Cheap Electricty : Making Progress

August 21, 2013

Depends on how you call progress: A Nuclear Reactor Competitive with Natural Gas: General Atomics has applied for DOE funds to commercialize a nuclear reactor that could lower electricity costs by 40 percent.

While long, the article is worth the read …

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Breaking: DHS Customizes Drone Fleet to Include Domestic Surveillance Capabilities

March 5, 2013

Let’s see…

According to one estimate, since last year the Department of Homeland Security has stockpiled more than 1.6 billion bullets, mainly .40 caliber and 9mm. DHS also reportedly purchased 2,700 Mine Resistant Armor Protected Vehicles (MRAPs) to go with their bullet stockpile.

Now this…

DHS has customized its drone fleet to include domestic surveillance capabilities that would help government identify civilians carrying guns and track their cell phones.

Homeland Security required that this Predator drone, built by General Atomics, be capable of detecting whether a standing human at night is “armed or not.” (CNet – U.S. Department of Homeland Security)

CNET reported:

The U.S. Department of Homeland Security has customized its Predator drones,originally built for overseas military operations, to carry out at-home surveillance tasks that have civil libertarians worried: identifying civilians carrying guns and tracking their cell phones, government documents show.

The documents provide more details about the surveillance capabilities of the department’s unmanned Predator B drones, which are primarily used to patrol the United States’ northern and southern borders but have been pressed into service on behalf of a growing number of law enforcement agencies including the FBI, the Secret Service, the Texas Rangers, and local police.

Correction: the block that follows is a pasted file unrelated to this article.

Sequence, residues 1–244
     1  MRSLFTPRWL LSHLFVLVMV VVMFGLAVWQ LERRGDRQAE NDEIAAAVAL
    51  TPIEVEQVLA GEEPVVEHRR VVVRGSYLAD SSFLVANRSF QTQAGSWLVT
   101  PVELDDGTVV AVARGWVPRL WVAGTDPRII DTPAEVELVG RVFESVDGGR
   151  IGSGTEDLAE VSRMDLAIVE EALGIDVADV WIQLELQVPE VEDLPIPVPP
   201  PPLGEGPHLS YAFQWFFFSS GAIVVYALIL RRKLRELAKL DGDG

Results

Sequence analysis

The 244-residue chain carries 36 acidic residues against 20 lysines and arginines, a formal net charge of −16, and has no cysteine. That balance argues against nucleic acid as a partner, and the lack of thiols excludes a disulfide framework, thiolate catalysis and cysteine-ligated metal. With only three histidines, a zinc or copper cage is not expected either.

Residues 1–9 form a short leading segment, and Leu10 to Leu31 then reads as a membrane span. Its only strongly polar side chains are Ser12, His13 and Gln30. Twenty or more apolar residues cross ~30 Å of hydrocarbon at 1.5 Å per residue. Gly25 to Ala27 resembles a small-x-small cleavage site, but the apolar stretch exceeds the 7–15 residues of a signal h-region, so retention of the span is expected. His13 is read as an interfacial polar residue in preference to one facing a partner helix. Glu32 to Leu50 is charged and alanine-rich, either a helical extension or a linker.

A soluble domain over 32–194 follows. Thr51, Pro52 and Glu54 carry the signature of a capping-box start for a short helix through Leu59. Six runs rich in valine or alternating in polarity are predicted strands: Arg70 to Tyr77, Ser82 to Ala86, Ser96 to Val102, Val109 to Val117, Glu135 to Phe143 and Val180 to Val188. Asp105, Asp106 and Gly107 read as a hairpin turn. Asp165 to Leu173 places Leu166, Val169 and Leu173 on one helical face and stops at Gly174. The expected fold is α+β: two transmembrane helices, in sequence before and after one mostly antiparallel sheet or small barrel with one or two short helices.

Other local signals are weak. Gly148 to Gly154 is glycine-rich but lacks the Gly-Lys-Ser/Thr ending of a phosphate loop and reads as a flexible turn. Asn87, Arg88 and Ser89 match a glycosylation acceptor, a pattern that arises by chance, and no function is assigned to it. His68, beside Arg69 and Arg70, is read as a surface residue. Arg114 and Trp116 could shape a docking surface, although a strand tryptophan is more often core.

Homeland Security’s specifications for its drones, built by San Diego-based General Atomics Aeronautical Systems, say they “shall be capable of identifying a standing human being at night as likely armed or not,” meaning carrying a shotgun or rifle. They also specify “signals interception” technology that can capture communications in the frequency ranges used by mobile phones, and “direction finding” technology that can identify the locations of mobile devices or two-way radios.

Concern about domestic use of drones is growing, with federal legislationintroduced last month that would establish legal safeguards, in addition to parallel efforts underway from state and local lawmakers. The Federal Aviation Administrationrecently said that it will “address privacy-related data collection” by drones.

The prospect of identifying armed Americans concerns Second Amendment advocates, who say that technology billed as securing the United States’ land and maritime borders should not be used domestically. Michael Kostelnik, the Homeland Security official who created the program, told Congress that the drone fleet would be available to “respond to emergency missions across the country,” and a Predator drone was dispatched to the tiny town of Lakota, N.D., to aid local police in a dispute that began with reimbursement for feeding six cows. The defendant, arrested with the help of Predator surveillance, lost a preliminary bid to dismiss the charges.